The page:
• Instruct city departments to apply regulations without regard for political considerations — meaning an alderman’s signature is no longer make-or-break. Require documentation of contacts from anyone seeking to influence such decisions.

  • Divorce infrastructure planning from the aldermanic menu program. Alderman should retain an “allowance” for neighborhood enhancements to be determined by participatory budgeting.

  • Professionalize and empower the City Council, with its own administrative officer, parliamentarian and legal counsel.

  • Strengthen the Council Office of Financial Analysis. Require the analyst to review and report on all budgets and spending measures without being requested and to respond to inquiries from aldermen without a gatekeeper. Add staffing and resources to meet these requirements.

  • Realign City Council committees to match the city’s evolving needs. Set budgets for Council committees based on formal input from chairmen about staffing and resources.

  • Eliminate rules that allow a single alderman to bottle up an ordinance indefinitely, and promote rules that prohibit fast-track, last-minute decisions on mayoral initiatives — a reasonable minimum public notice period, for example, before a vote is taken.

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5. Strengthen oversight of all government bodies and functions

The current arrangement — separate watchdogs with separate rules — leads to inconsistent and wasteful oversight. Taxpayers deserve better.

  • Create a universal Inspector General with full jurisdiction over City Hall, the City Council and sister agencies. As a first/interim step, the agencies could enter into intergovernmental agreements with the city Inspector General to provide oversight, similar to the newly adopted arrangement between the Metropolitan Water Reclamation District and Cook County. This would assure uniformity and independence, reduce duplicative spending and allow the agencies access to greater resources and expertise.

  • Amend state law to place oversight of the Chicago Transit Authority under the city’s IG instead of the state’s Office of Executive Inspector General.

  • Amend the municipal code to give the inspector general authority to enforce subpoenas instead of relying on the corporation counsel. The current arrangement presents a conflict of interest for the corporation counsel, on whom the subpoenas are frequently served.

  • Codify the promise that quasi-governmental bodies created and funded by the city (such as Emanuel’s infrastructure trust) are subject to IG oversight.

  • As a separate entity under state law, Chicago Public Schools should retain its own IG, but the office should be modeled after the city’s IG, with the same protections (guaranteed budget, independence from the school board) and resources.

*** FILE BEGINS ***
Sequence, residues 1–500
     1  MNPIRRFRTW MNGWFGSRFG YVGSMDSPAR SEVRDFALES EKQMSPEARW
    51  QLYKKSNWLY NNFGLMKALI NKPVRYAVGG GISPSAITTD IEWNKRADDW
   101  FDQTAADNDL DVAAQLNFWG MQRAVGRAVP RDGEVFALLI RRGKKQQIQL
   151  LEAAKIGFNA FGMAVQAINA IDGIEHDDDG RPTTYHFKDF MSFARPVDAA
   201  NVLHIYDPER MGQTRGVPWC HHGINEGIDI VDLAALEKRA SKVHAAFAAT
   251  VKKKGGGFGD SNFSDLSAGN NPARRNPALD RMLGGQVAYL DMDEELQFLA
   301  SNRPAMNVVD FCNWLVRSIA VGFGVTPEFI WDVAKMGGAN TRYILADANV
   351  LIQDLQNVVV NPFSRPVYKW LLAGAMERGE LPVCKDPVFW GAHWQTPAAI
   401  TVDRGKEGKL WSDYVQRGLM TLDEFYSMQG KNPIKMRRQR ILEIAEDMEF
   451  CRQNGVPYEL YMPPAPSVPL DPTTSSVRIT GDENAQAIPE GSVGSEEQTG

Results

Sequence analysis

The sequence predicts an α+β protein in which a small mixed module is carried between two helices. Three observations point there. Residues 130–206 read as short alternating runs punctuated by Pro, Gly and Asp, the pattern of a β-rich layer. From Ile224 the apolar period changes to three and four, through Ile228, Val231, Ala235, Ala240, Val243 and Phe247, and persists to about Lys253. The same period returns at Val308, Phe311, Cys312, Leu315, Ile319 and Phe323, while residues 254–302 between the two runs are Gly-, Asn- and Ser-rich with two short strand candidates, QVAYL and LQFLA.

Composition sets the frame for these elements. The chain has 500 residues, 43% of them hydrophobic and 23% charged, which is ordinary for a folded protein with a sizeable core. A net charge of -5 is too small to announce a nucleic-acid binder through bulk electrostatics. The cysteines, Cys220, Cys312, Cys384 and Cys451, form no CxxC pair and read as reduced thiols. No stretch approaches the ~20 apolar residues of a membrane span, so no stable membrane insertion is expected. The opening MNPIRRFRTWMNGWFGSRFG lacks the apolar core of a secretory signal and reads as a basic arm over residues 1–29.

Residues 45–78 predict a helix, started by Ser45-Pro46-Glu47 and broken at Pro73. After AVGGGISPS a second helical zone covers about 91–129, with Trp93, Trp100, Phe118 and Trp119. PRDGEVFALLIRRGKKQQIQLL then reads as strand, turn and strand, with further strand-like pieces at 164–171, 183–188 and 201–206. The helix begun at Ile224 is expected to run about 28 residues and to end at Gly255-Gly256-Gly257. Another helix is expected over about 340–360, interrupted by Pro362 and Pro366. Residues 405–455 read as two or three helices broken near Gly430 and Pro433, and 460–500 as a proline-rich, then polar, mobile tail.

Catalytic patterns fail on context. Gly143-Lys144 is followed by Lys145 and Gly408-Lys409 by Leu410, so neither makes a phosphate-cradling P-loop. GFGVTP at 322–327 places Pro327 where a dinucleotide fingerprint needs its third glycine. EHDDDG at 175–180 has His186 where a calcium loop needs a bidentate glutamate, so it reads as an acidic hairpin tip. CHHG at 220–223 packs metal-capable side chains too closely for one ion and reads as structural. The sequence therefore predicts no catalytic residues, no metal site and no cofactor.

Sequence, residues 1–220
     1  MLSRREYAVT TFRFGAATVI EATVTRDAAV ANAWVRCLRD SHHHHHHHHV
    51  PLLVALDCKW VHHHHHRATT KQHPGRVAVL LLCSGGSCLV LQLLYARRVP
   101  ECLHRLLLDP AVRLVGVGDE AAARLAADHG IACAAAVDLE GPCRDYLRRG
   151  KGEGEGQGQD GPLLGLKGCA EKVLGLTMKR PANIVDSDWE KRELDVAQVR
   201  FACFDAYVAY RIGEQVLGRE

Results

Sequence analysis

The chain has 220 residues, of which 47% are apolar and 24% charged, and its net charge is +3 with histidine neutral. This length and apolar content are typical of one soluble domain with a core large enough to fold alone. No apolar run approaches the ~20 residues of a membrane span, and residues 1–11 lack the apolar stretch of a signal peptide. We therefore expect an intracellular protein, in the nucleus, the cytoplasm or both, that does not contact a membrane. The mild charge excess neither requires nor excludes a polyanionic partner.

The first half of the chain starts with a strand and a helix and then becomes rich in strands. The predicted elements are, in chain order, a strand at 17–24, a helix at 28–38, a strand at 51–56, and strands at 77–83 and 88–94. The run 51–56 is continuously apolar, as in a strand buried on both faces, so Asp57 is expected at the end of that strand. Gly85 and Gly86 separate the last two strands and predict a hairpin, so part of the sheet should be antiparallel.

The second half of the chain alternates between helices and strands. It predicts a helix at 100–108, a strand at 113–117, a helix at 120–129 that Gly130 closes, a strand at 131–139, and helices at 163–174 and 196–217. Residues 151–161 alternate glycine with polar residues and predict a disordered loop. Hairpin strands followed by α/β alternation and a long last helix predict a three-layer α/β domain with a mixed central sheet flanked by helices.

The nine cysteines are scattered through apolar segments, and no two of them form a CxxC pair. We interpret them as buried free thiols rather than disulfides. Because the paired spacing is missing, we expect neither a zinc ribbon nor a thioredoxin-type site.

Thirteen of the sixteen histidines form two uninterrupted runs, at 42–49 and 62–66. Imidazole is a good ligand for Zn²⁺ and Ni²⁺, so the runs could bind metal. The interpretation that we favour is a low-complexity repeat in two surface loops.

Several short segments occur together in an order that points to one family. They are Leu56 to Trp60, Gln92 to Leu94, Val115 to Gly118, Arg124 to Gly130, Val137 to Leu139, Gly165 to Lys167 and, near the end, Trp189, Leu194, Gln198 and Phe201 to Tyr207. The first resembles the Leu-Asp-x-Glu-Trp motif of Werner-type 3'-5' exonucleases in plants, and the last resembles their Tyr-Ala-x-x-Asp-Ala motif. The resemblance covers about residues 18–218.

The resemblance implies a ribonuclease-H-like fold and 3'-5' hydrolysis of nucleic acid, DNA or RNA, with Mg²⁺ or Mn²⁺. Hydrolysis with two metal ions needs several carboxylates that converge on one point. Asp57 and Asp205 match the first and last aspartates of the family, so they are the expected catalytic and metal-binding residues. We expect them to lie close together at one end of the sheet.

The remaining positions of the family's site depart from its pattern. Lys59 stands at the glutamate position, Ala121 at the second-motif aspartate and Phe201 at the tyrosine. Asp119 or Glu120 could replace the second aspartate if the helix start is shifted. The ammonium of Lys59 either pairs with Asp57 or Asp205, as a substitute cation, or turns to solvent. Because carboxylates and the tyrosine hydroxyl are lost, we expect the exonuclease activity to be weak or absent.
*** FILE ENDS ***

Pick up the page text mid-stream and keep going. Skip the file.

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6. Wrestle the pension monster to the ground

Next year, Chicago will have to ante up an extra $270 million to shore up its four woefully underfunded pension funds. That’s on top of an estimated $252 million gap in the corporate fund budget, and assorted other unknowns, like the cost of back pay to police and firefighters working on expired contracts. The real gap is somewhere between $600 million and $800 million, we’re told. And it will only get worse as those required pension payments climb to almost $1 billion by 2023.

Chicagoans will pay more and more for less and less until the pension debt is under control. They can’t afford for their leaders to shrug and blame the Illinois Constitution, which says public employee pension benefits “cannot be diminished or impaired.” The mayor should:

  • Rethink opposition to a constitutional amendment that would give the city flexibility to work with its unions to contain costs. This can be done without breaking promises to current employees and retirees.

  • Resist temptation to ask lawmakers to push required pension payments even farther into the future.

  • Remain skeptical of Rahm Emanuel’s proposed $10 billion bond solution – but never say never. The idea is that the city would sell the bonds at a relatively low interest rate; the pension funds would invest the money and pray the returns were higher. Yes, it’s risky. We haven’t heard a compelling argument in favor. We haven’t heard a promising alternative, either.